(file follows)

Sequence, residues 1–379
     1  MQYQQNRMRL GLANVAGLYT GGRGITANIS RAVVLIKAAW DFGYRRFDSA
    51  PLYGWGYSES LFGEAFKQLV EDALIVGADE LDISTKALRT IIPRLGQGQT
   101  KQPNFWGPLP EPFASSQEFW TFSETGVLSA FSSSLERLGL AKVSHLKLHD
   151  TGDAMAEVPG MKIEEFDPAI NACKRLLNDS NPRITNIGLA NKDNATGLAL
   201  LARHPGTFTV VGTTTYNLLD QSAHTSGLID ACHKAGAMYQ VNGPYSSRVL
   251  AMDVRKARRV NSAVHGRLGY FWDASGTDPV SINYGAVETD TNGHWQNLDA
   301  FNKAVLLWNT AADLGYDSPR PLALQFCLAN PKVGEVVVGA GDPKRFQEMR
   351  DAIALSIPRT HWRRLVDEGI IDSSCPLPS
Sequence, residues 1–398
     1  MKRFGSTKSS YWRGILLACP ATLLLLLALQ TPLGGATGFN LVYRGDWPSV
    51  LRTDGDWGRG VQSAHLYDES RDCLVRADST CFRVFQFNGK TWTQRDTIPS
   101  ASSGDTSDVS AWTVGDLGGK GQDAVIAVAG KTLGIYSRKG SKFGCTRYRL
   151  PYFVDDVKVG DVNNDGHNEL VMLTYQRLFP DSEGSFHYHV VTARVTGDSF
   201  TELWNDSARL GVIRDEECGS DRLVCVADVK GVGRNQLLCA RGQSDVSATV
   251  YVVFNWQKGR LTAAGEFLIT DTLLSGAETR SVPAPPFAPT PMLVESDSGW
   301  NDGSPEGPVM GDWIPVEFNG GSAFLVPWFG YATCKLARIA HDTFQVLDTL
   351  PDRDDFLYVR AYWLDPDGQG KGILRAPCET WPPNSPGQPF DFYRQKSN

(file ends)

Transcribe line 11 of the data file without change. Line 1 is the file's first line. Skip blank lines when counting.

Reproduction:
     1  MKRFGSTKSS YWRGILLACP ATLLLLLALQ TPLGGATGFN LVYRGDWPSV